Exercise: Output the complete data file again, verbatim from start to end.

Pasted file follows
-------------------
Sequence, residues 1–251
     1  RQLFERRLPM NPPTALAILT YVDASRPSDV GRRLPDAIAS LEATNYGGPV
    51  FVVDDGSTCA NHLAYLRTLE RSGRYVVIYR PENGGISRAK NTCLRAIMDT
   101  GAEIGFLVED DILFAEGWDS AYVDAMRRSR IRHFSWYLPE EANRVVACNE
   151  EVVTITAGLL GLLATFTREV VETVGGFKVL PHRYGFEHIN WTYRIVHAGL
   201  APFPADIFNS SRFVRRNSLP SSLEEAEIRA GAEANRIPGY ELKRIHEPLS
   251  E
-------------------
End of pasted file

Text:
Sequence, residues 1–251
     1  RQLFERRLPM NPPTALAILT YVDASRPSDV GRRLPDAIAS LEATNYGGPV
    51  FVVDDGSTCA NHLAYLRTLE RSGRYVVIYR PENGGISRAK NTCLRAIMDT
   101  GAEIGFLVED DILFAEGWDS AYVDAMRRSR IRHFSWYLPE EANRVVACNE
   151  EVVTITAGLL GLLATFTREV VETVGGFKVL PHRYGFEHIN WTYRIVHAGL
   201  APFPADIFNS SRFVRRNSLP SSLEEAEIRA GAEANRIPGY ELKRIHEPLS
   251  E